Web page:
Matthew GREEN
Rank: Private
Number: 29370
Unit: 8th Battalion King’s Own (Royal Lancaster) Regiment
Date of Death: 23 October 1918
Age: 30
Cemetery: Awoingt British Cemetery, Nord France

Even by the standards of the time, Matthew came from large family. The 1901 Census reveals that he was one of nine children, ranging in age from 20 to just 11 months. He had been born in Stubshaw Cross, about a mile away from the Lancashire town of Ashton In Makerfield. At the Census, the family was living at 164 Bolton Road, in Ashton. The head of the household was Matthew's father, 47 year old Eli, who worked in the local mines as a coal hewer. His wife, Alice was 42. The two eldest children, James (20) and Isaac (17) were also miners. The other children were Mary (15), Alice (10), Matthew (12), Emma (8), Eli (6), Beatrice (4) and Ada (11 months).

Matthew enlisted into the army at Ashton and it is not known if he ever lived in the Stockport area. He was married and, after the War, his widow was living at 14 Stockport Road, Woodley. Only her initial, "P", is now known, from Matthew's entry on the Commonwealth War Graves Debt of Honour Register. They may have lived together in Woodley or she may have returned to her home village after his death. She will certainly have been the person who ensured his commemoration on the Bredbury War Memorial.

Regimental records published after the war show that Matthew was not killed outright but died of wounds he had received. It is not possible to be absolutely sure when he received them, but the Cemetery where he was buried was, at the time, used by several field hospitals (Casualty Clearing Stations). Men did not spend much time at a CCS, being passed on to a military hospital with full facilities as soon as the man's condition was stabilised. However, Matthew's Battalion was in action the day he died and it is most likely that this is when he wounded.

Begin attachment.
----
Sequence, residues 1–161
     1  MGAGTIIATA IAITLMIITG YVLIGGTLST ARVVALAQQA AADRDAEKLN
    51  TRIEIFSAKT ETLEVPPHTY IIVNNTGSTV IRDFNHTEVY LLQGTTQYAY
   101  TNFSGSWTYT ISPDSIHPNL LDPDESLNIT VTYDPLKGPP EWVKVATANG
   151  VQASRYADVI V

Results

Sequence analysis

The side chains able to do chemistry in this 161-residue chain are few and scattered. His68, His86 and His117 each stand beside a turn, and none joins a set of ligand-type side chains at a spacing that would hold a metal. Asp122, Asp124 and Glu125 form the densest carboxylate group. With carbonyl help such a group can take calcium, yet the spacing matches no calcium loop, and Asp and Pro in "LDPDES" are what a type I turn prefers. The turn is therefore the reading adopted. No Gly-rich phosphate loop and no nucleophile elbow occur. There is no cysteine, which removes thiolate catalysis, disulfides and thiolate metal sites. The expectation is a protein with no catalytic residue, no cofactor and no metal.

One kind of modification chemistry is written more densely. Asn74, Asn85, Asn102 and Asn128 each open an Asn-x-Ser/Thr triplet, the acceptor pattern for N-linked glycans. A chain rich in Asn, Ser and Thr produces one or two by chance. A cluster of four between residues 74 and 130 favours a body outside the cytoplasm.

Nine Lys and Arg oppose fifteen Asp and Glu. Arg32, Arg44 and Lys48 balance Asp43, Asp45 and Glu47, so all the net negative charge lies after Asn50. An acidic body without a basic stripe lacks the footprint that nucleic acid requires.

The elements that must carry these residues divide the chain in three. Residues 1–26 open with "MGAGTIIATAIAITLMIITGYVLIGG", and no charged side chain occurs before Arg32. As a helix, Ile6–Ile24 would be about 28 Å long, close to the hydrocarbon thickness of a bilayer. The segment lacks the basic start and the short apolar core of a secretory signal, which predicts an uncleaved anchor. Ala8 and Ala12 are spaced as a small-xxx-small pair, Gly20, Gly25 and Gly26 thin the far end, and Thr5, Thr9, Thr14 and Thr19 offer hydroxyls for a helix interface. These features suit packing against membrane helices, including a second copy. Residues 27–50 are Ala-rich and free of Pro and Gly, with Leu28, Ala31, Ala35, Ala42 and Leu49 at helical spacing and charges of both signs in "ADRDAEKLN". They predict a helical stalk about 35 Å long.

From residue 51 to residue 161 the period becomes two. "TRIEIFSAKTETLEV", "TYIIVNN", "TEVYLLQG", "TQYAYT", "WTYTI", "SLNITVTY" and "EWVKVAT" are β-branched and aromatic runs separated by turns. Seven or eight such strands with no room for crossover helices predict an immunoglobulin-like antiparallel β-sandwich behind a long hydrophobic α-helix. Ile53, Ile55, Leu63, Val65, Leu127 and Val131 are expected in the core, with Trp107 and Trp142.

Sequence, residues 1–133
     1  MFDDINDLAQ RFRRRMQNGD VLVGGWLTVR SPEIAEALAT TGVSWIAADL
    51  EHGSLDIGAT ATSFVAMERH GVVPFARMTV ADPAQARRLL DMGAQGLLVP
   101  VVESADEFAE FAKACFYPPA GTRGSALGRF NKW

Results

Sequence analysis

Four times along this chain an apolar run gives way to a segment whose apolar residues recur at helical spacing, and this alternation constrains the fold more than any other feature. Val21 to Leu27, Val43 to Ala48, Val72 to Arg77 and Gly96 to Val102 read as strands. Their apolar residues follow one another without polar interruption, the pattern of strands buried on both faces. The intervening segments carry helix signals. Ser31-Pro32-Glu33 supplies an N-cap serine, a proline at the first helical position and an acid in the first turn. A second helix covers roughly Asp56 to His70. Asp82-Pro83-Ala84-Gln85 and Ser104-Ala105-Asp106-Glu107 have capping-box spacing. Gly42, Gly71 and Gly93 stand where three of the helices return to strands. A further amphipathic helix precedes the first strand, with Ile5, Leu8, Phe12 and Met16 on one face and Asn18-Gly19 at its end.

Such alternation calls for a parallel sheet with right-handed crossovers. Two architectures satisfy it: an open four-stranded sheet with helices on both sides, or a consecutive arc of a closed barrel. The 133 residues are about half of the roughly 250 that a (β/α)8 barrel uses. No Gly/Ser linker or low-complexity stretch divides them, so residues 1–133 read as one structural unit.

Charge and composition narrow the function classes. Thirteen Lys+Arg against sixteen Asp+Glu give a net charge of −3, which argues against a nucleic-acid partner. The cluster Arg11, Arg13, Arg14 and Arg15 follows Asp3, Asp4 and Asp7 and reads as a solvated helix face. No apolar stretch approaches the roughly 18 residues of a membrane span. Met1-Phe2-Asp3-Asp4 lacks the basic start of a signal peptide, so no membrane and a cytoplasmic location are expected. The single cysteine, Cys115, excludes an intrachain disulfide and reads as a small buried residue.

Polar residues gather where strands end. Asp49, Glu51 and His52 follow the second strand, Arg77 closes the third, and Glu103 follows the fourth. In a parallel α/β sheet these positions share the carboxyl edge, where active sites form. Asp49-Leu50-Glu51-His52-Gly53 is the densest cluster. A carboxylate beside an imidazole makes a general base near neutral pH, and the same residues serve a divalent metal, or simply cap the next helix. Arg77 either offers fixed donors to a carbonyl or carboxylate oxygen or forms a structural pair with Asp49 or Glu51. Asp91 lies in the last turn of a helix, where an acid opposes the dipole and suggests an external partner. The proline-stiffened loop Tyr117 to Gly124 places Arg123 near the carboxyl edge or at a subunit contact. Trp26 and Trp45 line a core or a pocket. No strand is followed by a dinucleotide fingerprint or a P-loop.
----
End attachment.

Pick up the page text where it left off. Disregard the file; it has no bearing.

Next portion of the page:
On the 23rd, the Battalion moved to Solesmes in readiness for an attack the following day. The village is approximately 10 kilometres east of the French town of Cambrai. They were billeted in houses near the village church. The Battalion's War Diary notes that the weather was wet and cold.

Early the following morning, they moved to positions in front of Romeries (wrongly spelt Romiers in the Diary) and, at 12.10pm, attacked. They quickly captured their objective - a sunken road, 800 yards from the village. At 14.30 they continued their attack, taking another objective running parallel to the St Georges River, on the eastern side of Escarmain. Other troops now overlapped them and, later in the day, they dug in on a line between Escarmain and Beaudidnes.

17 men had been killed and 103, including Matthew, had been wounded. After receiving treatment from the Battalion's own medical officer, just behind the front line, Matthew will have been evacuated the 20 kilometres to hospital at Awoingt, where he died

   
           
   
     
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